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Australia Floods Fuel Rise in Coal Prices

This is a transcript of top stories presented by China's CCTV Business Channel as produced by CNBC Asia Pacific.

Good evening, I'm Lisa Oake and you're watching "Asia Market Daily."

The floods in Australia's north east are having huge repercussions around the world.

The state of Queensland produces about half of the country's coal exports.

Most of the coal in the state is Met Coal, which is used for making steel. But some of it is also thermal coal, which is used in power plants.

South African miner Anglo-American - the second biggest exporter of Met coal from Australia - says it will take weeks to pump water out of its flooded mines.

The shortage has seen the price of steelmaking coal soar 10 percent on the spot market, which analysts say will put considerable stain on Chinese and Japanese steel mills.

(SOT) Helen Lau, Senior Analyst at UOB Kay Hian:

“For the medium term concern for steel mills is in the second quarter, or after this month, there will be shortage of coking coal shipments from Australia, and higher coking coal prices going forward. So then the steel mills have no way to solve this situation, because coking coal is the fuel that they use to produce steel. So that's why I think the cost pressure for steel mills is still huge.”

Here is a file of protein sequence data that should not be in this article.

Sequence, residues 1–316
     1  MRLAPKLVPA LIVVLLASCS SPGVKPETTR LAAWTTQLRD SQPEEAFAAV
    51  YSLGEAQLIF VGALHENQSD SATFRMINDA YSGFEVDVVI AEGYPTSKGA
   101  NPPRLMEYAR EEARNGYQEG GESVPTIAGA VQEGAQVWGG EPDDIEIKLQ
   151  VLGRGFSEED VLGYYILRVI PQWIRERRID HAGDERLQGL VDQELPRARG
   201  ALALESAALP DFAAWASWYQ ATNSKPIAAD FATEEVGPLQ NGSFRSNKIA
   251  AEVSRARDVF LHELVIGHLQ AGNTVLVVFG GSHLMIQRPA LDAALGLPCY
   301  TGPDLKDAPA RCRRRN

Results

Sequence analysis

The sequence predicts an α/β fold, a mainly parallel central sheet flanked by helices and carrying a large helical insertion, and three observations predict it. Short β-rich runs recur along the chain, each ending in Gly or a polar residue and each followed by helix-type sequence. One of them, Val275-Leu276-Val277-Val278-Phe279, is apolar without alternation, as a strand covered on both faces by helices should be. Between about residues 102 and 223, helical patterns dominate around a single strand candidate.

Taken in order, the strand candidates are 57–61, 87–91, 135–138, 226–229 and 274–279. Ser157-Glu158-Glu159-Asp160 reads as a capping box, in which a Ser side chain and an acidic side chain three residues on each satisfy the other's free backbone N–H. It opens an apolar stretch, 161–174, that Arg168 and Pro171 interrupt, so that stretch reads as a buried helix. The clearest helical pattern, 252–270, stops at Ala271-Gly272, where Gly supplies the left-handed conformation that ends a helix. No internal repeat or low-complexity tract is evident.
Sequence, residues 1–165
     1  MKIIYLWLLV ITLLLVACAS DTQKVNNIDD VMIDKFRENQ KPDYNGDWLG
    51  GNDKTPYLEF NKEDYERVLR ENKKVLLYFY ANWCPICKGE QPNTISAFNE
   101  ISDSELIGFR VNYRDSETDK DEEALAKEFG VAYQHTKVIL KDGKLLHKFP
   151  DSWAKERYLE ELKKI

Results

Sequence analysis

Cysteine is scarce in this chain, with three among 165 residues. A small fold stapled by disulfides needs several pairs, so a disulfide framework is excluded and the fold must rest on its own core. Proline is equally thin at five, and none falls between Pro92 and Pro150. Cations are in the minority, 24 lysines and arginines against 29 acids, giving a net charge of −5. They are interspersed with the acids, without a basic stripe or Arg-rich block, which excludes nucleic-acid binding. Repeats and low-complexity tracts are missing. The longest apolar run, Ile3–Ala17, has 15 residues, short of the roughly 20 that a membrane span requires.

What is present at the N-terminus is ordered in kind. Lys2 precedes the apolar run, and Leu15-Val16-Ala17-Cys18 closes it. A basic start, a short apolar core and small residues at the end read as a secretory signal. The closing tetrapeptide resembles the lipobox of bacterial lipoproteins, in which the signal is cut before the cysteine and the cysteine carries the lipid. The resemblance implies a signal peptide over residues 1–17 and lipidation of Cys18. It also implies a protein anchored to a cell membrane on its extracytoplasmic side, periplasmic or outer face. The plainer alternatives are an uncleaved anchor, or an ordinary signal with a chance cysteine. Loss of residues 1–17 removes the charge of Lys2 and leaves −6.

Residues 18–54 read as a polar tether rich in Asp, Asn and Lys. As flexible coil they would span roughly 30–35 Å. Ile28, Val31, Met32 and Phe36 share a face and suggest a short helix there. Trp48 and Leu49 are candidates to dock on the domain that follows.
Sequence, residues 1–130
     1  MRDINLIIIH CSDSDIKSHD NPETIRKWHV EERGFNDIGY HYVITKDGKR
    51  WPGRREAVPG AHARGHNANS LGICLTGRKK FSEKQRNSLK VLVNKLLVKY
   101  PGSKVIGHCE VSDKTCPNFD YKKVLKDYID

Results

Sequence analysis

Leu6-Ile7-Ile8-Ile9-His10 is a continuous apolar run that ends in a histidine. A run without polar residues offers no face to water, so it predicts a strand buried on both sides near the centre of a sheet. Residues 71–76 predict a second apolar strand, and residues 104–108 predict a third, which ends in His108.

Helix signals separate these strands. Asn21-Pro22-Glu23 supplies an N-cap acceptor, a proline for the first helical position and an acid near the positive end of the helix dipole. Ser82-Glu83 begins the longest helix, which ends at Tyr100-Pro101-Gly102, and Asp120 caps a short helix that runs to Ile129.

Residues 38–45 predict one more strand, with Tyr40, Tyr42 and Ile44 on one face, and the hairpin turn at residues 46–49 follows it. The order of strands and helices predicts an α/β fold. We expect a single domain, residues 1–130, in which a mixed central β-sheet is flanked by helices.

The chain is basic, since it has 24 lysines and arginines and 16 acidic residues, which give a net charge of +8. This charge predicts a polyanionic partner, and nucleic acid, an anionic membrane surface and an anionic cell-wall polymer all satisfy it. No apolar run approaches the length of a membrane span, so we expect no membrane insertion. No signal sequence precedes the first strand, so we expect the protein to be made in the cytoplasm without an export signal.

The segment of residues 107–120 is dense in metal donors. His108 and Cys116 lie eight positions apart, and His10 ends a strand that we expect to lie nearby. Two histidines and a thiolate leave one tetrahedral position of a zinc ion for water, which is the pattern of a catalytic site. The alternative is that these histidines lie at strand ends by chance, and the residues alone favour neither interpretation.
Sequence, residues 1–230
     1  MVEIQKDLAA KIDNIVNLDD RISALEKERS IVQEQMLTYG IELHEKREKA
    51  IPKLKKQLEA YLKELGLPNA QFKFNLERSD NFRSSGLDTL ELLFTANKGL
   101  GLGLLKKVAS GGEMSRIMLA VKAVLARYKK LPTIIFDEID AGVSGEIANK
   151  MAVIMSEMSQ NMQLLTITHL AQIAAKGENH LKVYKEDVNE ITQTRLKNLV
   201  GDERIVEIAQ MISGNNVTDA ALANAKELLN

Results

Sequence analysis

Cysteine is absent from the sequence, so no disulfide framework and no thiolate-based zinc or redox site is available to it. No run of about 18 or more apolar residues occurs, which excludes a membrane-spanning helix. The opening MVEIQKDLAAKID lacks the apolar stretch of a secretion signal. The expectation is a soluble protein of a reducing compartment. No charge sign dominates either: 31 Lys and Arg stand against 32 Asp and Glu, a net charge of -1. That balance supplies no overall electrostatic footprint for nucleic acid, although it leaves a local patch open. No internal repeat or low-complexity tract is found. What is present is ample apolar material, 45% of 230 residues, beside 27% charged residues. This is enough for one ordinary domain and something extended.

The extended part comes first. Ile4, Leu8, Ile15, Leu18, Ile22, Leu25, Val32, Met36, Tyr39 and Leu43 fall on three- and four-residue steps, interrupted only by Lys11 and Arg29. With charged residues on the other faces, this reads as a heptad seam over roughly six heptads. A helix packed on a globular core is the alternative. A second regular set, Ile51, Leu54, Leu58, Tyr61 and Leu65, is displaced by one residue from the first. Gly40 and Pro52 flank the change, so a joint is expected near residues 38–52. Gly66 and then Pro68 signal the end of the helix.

And the issue isn't expected to be resolved quickly. Helen Lau of UOB expects the flood crisis to push up prices of steelmaking coal for the next couple of months.

(SOT) Helen Lau, Senior Analyst at UOB Kay Hian:

"I think it certainly would take several weeks for all of these coal mines to resume production. So that's why I think in the coming 6-8 weeks we expect the coking coal price to hit higher above, sorry to hit about 260 form the current level of 230. For China they can import from Mongolia, and so far Mongolia's coal mines have ramped up their production, probably Mongolia can increase export of coking coal to China, so maybe, so compared to Japan, China is less affected. But overall the cost pressure across the region is still high.”

Thanks for watching “Asia Market Daily”.

I'm Lisa Oake from CNBC.

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